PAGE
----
Being the keynote speaker at a huge event like CES isn’t easy. The company/speaker is charged with giving a birds-eye view of the entire consumer electronics industry while showcasing its own products and articulating a vision of the near-term future… all in 60-90 minutes. It was also Qualcomm’s first time at bat. Before this year, either Bill Gates or Steve Ballmer had opened every CES for well over a decade.
But even summoning every scrap of charity I could scrape out of my soul, Qualcomm CEO Paul Jacobs’ keynote was something of a train wreck. Key highlights included:
- Obnoxious hipster parodies of actual human beings. These assembled on stage to declare the existence of a new cohort — Generation M (or Born Mobile, if you prefer that term). On behalf of Generation Y, I am preemptively declaring war on Generation M.
- Steve Ballmer
- Big Bird
- Guillermo del Toro
- Archbishop Desmond Tutu
- Actress Alice Eve, who plays Carol Marcus in the upcoming film Star Trek Into Darkness
- A Rolls Royce
- Maroon 5 (But since Qualcomm apparently didn’t have a license to stream Maroon 5, the webcast audience was treated to silence, then Dido — while Maroon 5 was still on stage)
If you’re going to put all those elements together, you’d better have a hell of a plan for doing it. Qualcomm didn’t.
The big tech news of the keynote was the announcement of the new Snapdragon 800 family. Qualcomm is introducing a new marketing strategy for its upcoming devices — the current Snapdragon S1-S4 designations will be replaced by the Snapdragon 800, 600, 400, and 200 families. Krait, Qualcomm’s custom CPU architecture that’s based on ARMv7 instruction set, is also getting an update. The new cores are the Krait 300 and Krait 400.
Krait 300 is a higher-clocked version of the current Snapdragon S4 series processor with a new L2 cache prefetcher, better branch prediction, and higher clock speeds. The new chip will hit 1.9GHz compared to 1.5GHz for the original Krait. Qualcomm has specifically improved on the chip’s power consumption, which may be the most important news of all. Google’s Nexus 4 throttles at room temperature when the CPU and GPU are tested; hopefully the Krait 300 can avoid this. The S600 family will continue using Qualcomm’s Adreno 320 GPU.
The Krait 400 is something rather different. Unlike the Krait 300, which is built on TSMC’s 28nm low-power process, the Krait 400 uses 28nm HPM (High Performance for Mobile applications). This is TSMC’s “best of both worlds” process; the foundry claims that it provides “better speed than 28HP (high power) and similar leakage power as 28LP.” This new Krait is capable of speeds of up to 2.3GHz in a quad-core configuration.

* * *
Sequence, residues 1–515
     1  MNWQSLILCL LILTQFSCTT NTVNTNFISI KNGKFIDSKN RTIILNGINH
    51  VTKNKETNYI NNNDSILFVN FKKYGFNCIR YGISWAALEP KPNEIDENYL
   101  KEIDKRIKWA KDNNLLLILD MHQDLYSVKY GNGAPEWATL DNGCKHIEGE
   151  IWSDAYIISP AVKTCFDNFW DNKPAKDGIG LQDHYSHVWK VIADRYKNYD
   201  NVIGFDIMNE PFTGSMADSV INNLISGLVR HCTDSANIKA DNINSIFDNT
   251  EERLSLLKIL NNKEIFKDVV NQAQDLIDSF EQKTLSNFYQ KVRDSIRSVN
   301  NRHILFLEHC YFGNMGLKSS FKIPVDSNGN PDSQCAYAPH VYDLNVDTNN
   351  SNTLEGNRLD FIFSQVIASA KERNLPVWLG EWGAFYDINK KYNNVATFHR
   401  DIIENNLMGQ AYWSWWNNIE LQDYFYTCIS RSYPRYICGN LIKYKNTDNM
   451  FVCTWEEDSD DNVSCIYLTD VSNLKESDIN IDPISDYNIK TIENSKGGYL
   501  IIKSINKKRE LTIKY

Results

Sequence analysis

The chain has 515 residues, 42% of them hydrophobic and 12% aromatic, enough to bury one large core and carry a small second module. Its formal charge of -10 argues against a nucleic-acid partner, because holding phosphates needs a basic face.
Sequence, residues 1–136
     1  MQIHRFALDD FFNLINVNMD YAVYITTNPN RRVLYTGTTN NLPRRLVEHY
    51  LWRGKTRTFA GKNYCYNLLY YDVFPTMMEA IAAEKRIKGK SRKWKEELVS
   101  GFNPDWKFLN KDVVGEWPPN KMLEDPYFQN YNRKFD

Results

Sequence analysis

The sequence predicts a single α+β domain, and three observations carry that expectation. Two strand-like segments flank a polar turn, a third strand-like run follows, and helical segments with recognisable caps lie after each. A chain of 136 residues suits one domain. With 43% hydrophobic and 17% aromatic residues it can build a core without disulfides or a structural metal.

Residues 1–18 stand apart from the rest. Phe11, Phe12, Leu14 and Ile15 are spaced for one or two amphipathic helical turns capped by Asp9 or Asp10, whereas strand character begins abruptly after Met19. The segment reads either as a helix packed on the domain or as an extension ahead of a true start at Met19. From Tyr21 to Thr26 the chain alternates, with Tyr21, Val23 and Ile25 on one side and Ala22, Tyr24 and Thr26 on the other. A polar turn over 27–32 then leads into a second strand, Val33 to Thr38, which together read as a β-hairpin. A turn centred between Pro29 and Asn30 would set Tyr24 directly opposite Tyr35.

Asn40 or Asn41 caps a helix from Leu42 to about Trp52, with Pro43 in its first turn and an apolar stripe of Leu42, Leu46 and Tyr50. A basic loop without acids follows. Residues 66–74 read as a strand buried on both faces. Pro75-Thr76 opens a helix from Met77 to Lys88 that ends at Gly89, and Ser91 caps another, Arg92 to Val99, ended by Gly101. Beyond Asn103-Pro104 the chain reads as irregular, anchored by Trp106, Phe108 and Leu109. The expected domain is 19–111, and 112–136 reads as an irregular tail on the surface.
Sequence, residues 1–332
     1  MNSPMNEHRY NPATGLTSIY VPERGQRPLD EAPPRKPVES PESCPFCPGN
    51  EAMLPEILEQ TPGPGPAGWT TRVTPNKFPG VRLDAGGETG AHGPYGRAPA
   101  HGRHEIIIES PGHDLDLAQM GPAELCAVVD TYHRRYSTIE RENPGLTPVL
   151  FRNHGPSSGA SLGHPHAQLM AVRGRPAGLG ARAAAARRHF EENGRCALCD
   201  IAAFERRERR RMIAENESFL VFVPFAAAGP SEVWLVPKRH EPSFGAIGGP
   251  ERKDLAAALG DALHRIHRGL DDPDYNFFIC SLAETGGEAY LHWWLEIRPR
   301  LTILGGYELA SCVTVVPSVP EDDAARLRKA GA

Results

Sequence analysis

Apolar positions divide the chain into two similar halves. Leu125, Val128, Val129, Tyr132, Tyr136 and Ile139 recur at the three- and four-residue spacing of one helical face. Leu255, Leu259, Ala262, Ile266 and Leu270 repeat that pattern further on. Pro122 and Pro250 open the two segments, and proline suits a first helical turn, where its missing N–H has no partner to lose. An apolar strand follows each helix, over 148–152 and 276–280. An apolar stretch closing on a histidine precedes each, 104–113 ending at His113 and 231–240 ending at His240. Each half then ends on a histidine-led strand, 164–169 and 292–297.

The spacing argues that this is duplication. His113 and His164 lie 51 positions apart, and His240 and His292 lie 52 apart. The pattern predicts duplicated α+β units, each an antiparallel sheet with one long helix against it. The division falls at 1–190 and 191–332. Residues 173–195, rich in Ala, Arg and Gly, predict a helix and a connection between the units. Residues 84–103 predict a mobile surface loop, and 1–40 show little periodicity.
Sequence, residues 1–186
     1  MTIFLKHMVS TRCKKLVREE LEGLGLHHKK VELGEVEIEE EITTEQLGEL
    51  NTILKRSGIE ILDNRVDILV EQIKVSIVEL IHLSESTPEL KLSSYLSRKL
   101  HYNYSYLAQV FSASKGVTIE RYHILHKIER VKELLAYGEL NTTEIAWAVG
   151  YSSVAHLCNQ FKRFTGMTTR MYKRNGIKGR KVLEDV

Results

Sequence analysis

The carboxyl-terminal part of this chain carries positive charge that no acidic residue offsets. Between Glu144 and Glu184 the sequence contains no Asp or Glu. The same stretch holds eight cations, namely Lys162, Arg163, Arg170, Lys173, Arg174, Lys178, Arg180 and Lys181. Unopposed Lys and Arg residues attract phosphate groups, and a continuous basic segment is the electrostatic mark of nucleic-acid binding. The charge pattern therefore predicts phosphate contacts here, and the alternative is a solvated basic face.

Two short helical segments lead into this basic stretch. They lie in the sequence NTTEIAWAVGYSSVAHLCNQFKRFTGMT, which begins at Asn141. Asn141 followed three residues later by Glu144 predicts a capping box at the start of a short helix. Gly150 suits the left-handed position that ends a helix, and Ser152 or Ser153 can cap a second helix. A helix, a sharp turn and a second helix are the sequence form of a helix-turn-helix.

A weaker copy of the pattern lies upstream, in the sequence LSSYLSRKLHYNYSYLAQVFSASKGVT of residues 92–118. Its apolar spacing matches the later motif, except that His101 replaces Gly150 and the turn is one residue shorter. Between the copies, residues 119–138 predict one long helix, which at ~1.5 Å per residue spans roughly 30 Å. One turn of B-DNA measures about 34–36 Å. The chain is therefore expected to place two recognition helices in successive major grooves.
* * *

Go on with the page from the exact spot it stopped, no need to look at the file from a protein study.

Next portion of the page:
GPU information was a bit vague. The new Socs will use the Adreno 330, which the company states offers up to 2x the performance of Adreno 320. The S800 will support Ultra HD / 4K output, though that’s only going to be useful if you own a compatible TV above 46 inches and sit four feet away.
There are a few take-aways here. One is that the new S800 family could be very nice in Windows RT notebooks, where battery sizes are larger. A quad-core Krait at 2.3GHz should deliver excellent performance and compete nicely with Intel and AMD at the low end of the notebook market. For tablets and smartphones, I’m more concerned with battery life and power dissipation than anything else.
Watching Jacobs, I was struck by the growing disparity between what sort of wireless capabilities Qualcomm promises and the reality of what carriers deliver. According to Jacobs, Krait 400′s ability to stream high definition video “really delivers on the promise of 4G.”
If you’re AT&T or Verizon, I suppose that’s true. According to AT&T’s data calculator, 30 hours of standard definition video per month will consume 3.6GB of data, while HD video chews through 9.2GB. Verizon doesn’t break down by video resolution, but it does offer a bandwidth estimation tool for 3G vs. 4G streaming.
On AT&T, you’ll pay at least $ 110 for 4GB of standard video streaming. If you actually wanted to stream 10GB worth of data to your smartphone, you’re looking at $ 185 a month. Verizon will run you $ 150. Keep in mind, we’ve only calculated video — toss in some additional surfing over cellular, and you could blow right through these prices.
That financial reality puts a damper on any claim to deliver on the promise of 4G, but the technology behind the products is still darned impressive. Tegra 4 is clearly going to have some competition, as will AMD’s Kabini and Intel’s next-generation Atom.